Norway's sovereign-wealth fund, the world's biggest, topped a $1 trillion valuation after the best half-year return in its history. In the first half of 2017, the Government Pension Fund Global (GPFG) made 499 billion kroner ($63 billion), a 2.6% return on its investments, the best half-year return in its history, the fund announced on Tuesday.
Facebook will see a decline among teenagers in the U.S. this year, says market research firm eMarketer. Facebook usage among U.S. users between the ages of 12 and 17 is expected to decline for the first time this year, falling 3.4% from the previous year, according to the research. While this decline gives Snap Inc. a rare edge, as teens are fleeing to its platform, Facebook is still in the game as teens seem to be spending time on its other property, Instagram.
President Mario Draghi gave little indication about the next steps for monetary policy in the euro zone during a speech on Wednesday ahead of a key meeting between central bankers. The European Central Bank chief seemed to have learned from his own mistakes by avoiding commenting on how and when he might bring monetary stimulus to an end. Speaking at a conference in Lindau, Germany, Draghi praised economists' research and said that adjustments to monetary policy are "never easy." However, he made no reference to how the bank might adjust its own policy to the improving economic data across the euro zone, a highly debated issue among market participants.
Google and Walmart on Tuesday announced a partnership that would make the retailer's products available on the internet giant's online shopping mall. The two companies said that next month Google would start offering Walmart products to people who shop on Google Express, the company’s online shopping mall. It’s the first time the world’s biggest retailer has made its products available online in the United States outside of its own website.
Global dividends hit an all-time quarterly record of $447.5 billion (€380.5 billion) in the second quarter of this year as growth accelerated to the fastest rate since 2015, according to new data. The Janus Henderson Global Dividend Index revealed that the amount paid out in dividends globally increased 5.4% year-on-year on a headline basis – equivalent to an underlying rise of 7.2% once exchange rates, special dividends and other factors were taken into account. The asset manager raised its dividend forecast for the whole of 2017 to $1.208 trillion, up $50 billion since an initial forecast in January, following evidence of “more synchronised” global economic growth, an oil price rally and a revival in banking sector payouts.
Online catering marketplace, Caterwings, have conducted a study regarding the global price of basic food items, as preliminary research ahead of their expansion into foreign markets. The research highlighted in particular that the cost of meat around the world is remarkably varied. To share these insights, Caterwings have released the 2017 Meat Price Index, which details the cost of meat in over 50 countries worldwide. The study revealed that Switzerland has the highest meat prices, at 141.9% more expensive than the average cost worldwide, followed by Norway (63.7% more expensive) and Hong Kong (61% more expensive), while Ukraine has the least expensive meat prices, at 52.3% less expensive than the average cost, closely followed by Malaysia (50.3% less expensive).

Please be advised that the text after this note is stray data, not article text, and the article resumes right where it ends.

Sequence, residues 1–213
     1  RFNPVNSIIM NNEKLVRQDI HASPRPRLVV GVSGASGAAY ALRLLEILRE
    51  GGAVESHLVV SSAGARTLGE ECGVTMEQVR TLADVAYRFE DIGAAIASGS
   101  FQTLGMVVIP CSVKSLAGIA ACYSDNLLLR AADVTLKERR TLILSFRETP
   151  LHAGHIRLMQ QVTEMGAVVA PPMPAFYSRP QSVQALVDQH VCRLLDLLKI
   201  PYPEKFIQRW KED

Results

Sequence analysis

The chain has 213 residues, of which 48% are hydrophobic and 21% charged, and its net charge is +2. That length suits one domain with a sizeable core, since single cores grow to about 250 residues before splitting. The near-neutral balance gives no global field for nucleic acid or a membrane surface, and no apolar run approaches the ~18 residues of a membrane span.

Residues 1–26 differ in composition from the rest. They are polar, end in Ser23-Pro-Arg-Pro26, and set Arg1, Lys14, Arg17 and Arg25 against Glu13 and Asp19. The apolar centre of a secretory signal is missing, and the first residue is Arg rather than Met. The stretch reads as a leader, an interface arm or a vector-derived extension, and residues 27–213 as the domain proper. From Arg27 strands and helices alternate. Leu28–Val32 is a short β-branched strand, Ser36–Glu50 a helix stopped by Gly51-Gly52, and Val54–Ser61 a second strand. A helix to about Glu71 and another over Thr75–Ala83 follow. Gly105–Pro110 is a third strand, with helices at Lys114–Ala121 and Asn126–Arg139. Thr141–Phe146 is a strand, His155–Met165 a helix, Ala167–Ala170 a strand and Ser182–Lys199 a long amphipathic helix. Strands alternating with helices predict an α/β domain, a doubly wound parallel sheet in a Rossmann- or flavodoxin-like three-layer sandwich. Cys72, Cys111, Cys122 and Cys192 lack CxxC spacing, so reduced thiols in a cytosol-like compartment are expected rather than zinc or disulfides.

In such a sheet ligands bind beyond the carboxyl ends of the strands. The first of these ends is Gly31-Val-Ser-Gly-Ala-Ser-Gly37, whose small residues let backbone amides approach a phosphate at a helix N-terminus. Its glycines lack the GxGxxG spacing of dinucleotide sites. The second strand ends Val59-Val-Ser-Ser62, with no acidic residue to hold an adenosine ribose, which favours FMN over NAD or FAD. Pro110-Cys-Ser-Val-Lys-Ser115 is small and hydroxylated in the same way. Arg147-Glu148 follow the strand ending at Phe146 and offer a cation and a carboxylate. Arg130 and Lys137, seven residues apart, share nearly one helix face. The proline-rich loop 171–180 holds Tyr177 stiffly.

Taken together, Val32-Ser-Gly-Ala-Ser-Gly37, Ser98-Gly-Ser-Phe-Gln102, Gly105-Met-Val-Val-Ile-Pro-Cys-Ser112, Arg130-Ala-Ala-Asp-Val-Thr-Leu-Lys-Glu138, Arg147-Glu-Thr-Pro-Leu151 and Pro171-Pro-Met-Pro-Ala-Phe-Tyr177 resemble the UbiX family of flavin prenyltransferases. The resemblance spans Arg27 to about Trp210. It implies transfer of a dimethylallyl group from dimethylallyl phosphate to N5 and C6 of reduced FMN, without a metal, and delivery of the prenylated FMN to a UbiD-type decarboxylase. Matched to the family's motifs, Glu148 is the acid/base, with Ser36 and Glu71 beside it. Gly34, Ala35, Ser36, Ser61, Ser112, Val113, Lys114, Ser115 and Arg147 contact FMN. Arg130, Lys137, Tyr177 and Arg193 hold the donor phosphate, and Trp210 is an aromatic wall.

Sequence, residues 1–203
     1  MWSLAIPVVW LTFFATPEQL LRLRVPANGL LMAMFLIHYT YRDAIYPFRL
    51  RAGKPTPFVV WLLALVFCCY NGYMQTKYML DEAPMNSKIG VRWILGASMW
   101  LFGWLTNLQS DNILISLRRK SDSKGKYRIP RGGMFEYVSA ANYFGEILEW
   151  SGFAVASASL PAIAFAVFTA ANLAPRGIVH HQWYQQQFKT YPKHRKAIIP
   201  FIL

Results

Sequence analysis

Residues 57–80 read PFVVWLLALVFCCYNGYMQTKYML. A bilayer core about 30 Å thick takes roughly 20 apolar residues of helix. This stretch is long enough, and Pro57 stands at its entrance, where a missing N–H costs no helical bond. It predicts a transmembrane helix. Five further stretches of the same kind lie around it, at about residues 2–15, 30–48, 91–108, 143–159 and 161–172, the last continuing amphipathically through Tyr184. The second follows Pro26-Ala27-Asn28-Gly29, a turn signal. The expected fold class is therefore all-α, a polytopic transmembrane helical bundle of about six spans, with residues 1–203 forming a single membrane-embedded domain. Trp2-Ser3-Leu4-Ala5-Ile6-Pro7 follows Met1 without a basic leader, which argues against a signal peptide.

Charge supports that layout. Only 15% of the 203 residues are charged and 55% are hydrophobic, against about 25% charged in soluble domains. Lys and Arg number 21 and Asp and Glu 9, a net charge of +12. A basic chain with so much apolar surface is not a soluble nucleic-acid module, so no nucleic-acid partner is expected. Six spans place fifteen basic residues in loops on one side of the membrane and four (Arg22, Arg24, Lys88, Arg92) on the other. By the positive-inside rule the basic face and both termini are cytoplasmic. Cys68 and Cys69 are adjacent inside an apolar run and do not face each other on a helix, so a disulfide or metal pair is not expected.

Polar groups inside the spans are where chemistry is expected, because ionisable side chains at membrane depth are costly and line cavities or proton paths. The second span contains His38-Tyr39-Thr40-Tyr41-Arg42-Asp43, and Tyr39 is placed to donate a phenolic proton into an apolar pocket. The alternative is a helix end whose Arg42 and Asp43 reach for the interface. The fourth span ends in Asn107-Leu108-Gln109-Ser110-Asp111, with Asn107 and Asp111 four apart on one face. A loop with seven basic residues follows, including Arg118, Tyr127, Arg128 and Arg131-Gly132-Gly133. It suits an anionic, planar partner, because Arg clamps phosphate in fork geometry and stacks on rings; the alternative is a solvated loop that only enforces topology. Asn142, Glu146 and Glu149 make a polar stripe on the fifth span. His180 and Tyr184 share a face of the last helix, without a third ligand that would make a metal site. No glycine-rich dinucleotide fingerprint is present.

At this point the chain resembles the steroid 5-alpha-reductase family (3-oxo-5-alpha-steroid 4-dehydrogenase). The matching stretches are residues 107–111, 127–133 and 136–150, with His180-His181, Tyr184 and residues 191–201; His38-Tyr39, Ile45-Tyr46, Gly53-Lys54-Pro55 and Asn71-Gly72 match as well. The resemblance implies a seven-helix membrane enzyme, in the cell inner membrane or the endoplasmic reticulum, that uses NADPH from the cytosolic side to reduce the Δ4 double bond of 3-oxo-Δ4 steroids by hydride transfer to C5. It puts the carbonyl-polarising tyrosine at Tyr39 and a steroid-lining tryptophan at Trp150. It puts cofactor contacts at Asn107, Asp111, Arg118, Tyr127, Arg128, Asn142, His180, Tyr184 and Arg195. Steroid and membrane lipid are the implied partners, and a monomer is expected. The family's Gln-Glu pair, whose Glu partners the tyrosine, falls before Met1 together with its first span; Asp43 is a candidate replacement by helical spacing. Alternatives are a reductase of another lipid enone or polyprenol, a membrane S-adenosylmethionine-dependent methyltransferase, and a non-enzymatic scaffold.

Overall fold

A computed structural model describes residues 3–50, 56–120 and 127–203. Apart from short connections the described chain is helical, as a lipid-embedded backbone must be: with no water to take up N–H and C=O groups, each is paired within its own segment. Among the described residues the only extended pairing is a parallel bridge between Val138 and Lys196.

The sharing of sensitive information has been at the root of many of the scandals facing the financial services industry recently, for example the LIBOR and FX rigging episodes. However, the US’ Federal Bureau of Investigation (FBI) has now marked Wall Street traders as a potential area of focus, given the use of encrypted apps to hide illicit communications. According to reports emerging in the Financial Times, the FBI is becoming increasingly concerned that Wall Street traders have found a way to turn encryption to their advantage when it comes to illegally exchanging insider information.
A Los Angeles jury on Monday ordered Johnson & Johnson to pay a record $417 million to a hospitalized woman who claimed in a lawsuit that the talc in the company's iconic baby powder causes ovarian cancer when applied regularly for feminine hygiene. The lawsuit was brought by a California woman, Eva Echeverria, who alleged Johnson & Johnson failed to adequately warn consumers about the potential cancer risks of talcum powder.
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